Downing St energy report urges solar panels and draught excluders

Downing St energy use report urges PM to install solar panels, use draught excluders and replace boilers with a heat pump to improve dire efficiency rating (but Rishi’s bills are frozen anyway)

  • EXC: Downing Street report suggests installing solar panels & draught excluders
  • The historic buildings at No10-12 saw their efficiency ratings plunge last year 
  • No10 says it followed advice on smart meters and better loft and wall insulation 

A survey of Downing Street has urged the PM to install solar panels, use draught excluders and replace boilers with a heat pump.

The recommendations were made as the historic buildings at 10-12 – including the flats occupied by Rishi Sunak and Jeremy Hunt – were given a dismal efficiency rating.

They received a score of 150 in the year to June, compared to a typical rating for public buildings of 100. Higher numbers mean emissions are worse.

The findings were accompanied by a host of suggestions about how to improve the performance. They echoed some of the tips that the government has been giving households amid the cost-of-living crisis, such as smart meters and stopping draughts.

No10 said it had followed the advice on smart meters and more loft and wall insulation, and was ‘scoping the viability’ of using heat pumps. 

However, Mr Sunak and Mr Hunt will not be affected personally by any changes, as they only pay a taxable benefit on running costs at the grace-and-favour apartments – capped at 10 per cent of their ministerial salaries. 

A survey of Downing Street has urged the PM to install solar panels, use draught excluders and replace boilers with a heat pump

The expert advice suggested a range of ways in which the buildings emissions could be reduced 

10-12 Downing Street – including the flats occupied by Rishi Sunak and Jeremy Hunt – were given a dismal efficiency rating in the latest assessment

Rishi Sunak and Jeremy Hunt pay a fixed rate for bills at their grace-and-favour homes. 

Under government rules, the PM and Chancellor have a tax liability for expenses ‘relating to the use’ of their official apartments, such as heating and lighting.

The value of the benefit is capped at 10 per cent of their ministerial salaries – so not including their MP pay.

According to the latest Treasury accounts, Mr Johnson had a benefit of £7,500 for the No11 flat in 2021-22.

The actual cost to them will depend on their total taxable income, but is likely to be between £3,000 and £3,300. 

Crucially it will not change despite the eye-watering bills for the rest of the country. 

Downing Street has previously said it is impossible to separate those costs from the wider ones of running offices and kitchens. 

Among the recommendations in the energy report, carried out in May, were: ‘Consider how building fabric air tightness could be improved, for example sealing, draught stripping and closing off unused ventilation openings, chimneys.’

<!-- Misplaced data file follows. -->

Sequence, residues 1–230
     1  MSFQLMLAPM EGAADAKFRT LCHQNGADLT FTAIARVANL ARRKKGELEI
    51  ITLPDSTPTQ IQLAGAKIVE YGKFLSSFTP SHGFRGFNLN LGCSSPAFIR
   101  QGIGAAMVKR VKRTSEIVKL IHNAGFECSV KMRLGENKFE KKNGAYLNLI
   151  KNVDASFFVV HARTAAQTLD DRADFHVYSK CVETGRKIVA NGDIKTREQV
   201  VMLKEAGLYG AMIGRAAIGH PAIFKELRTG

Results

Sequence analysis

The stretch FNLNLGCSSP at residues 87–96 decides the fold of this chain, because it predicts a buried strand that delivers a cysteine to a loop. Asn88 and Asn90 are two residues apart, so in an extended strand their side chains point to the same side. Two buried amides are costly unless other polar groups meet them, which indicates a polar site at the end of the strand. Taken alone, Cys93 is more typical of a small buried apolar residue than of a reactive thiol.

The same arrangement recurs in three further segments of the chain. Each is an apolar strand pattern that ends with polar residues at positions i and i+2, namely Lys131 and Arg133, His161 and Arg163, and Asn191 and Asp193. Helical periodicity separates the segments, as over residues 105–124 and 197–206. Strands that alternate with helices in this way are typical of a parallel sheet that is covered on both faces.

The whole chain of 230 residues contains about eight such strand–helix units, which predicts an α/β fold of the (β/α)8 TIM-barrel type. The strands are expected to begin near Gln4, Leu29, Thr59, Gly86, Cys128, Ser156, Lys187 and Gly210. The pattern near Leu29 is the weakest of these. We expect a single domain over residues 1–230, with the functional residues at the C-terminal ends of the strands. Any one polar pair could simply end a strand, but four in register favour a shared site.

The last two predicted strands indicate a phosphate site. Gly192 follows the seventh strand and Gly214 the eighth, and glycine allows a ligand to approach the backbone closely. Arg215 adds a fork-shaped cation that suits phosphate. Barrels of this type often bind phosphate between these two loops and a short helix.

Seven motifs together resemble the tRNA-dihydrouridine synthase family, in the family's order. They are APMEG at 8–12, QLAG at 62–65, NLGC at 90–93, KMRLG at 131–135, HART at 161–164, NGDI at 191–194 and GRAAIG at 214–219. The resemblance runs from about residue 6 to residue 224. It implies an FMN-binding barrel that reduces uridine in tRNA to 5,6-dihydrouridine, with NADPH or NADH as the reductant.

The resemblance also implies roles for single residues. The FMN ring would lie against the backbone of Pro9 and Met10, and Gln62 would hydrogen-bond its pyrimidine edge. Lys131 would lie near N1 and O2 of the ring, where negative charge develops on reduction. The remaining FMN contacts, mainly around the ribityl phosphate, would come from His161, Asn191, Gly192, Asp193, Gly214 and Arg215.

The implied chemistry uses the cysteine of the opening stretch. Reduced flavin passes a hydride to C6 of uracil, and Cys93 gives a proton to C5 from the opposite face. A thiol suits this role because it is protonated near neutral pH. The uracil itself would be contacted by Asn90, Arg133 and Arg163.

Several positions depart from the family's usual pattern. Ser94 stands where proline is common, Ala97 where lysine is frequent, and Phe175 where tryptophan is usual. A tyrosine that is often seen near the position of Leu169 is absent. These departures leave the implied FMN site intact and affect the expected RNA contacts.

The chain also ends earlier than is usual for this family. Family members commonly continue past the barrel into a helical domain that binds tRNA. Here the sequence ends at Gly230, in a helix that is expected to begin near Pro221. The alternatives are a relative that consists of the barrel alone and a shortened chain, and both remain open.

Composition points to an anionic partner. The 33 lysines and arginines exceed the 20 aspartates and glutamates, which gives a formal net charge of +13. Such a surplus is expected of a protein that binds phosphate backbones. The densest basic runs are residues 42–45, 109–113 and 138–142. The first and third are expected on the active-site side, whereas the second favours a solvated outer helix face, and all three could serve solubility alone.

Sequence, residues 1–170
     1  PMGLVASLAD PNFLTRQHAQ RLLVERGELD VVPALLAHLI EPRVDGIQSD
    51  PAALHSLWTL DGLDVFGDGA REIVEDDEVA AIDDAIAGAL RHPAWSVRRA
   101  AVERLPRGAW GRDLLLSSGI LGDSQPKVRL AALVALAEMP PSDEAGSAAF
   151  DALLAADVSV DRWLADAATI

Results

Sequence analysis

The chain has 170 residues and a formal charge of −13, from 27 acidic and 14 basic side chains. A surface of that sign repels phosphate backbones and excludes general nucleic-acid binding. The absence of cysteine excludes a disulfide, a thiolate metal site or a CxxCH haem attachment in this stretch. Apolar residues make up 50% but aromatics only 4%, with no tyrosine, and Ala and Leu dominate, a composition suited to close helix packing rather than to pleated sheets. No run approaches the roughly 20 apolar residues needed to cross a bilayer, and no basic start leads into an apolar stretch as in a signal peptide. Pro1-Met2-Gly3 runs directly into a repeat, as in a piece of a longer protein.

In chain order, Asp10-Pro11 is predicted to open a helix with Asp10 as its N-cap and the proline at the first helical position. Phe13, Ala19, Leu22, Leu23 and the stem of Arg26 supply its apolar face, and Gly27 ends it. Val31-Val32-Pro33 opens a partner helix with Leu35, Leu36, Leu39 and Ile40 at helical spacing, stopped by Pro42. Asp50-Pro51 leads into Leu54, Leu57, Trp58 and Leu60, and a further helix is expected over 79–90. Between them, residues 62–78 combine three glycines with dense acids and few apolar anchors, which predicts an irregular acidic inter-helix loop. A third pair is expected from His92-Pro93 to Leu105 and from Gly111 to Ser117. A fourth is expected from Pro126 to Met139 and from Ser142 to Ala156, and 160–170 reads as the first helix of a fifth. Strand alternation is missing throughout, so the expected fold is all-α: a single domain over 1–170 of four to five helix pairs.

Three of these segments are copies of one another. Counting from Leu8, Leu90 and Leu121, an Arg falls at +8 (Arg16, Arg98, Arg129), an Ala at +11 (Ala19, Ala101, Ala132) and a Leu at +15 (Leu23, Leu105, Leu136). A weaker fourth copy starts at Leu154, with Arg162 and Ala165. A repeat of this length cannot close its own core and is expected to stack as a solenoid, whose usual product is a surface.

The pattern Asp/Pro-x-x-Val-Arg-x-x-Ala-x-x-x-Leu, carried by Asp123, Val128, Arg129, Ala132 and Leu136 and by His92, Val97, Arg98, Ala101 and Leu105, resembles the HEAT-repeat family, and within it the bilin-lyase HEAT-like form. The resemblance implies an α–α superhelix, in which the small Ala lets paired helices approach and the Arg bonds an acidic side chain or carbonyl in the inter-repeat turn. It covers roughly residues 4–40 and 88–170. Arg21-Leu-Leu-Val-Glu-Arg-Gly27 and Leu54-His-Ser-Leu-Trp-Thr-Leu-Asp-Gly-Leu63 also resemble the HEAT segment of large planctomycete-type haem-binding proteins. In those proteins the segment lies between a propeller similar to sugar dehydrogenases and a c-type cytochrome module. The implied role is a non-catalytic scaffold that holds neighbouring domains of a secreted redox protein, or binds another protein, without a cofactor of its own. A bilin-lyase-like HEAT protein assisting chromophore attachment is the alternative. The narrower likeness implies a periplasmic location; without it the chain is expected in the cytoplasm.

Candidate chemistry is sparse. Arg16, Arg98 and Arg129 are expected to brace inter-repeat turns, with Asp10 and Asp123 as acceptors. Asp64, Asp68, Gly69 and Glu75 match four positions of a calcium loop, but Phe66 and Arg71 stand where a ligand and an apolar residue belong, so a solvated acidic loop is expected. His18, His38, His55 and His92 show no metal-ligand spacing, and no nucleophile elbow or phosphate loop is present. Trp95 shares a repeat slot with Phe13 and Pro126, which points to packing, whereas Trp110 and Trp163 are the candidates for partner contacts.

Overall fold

The building managers were also told to look at ‘fitting secondary glazing and/or under glaze sky lights where appropriate’.

Another eye-catching suggestion was to ‘install building mounted photovoltaic electricity generating panels’ – something that could be tricky given Downing Street’s heritage status. 

That would have a ‘high’ impact on efficiency, but take more than seven years to pay back the investment, according to the document. 

The existing ‘modular’ boilers were said to be ‘approaching the end of their useful economic life’, with the assessor mooting the idea of replacing them with ‘an Air-Source Heat Pump as the main heat source or switch back to the District heating’.

The latest Display Energy Certificate – required for all public buildings – for 10-12 Downing Street shows that they received an ‘F’.

The score had gone up from 106 and an E rating to 150 in the year to June, with higher numbers representing a worse emissions performance. The average public building has a rating of 100, with the lowed ‘red’ level being G.

The reasons for the shift during the final year of Boris Johnson’s premiership are not entirely clear, but the CO2 from heating had spiked by nearly a third from 174 to 226 tonnes.

A Downing Street spokeswoman said: ‘The estate has already taken a number of eco-friendly measures such as full rainwater harvesting system for the gardens and low-energy and motion detecting lighting throughout, whilst preserving the heritage of the listed buildings.

‘In line with the Prime Minister’s ambition for the UK to be a global leader in clean, green technology and sustainable living, No10 looks to build on these measures in the future.’

Source: Read Full Article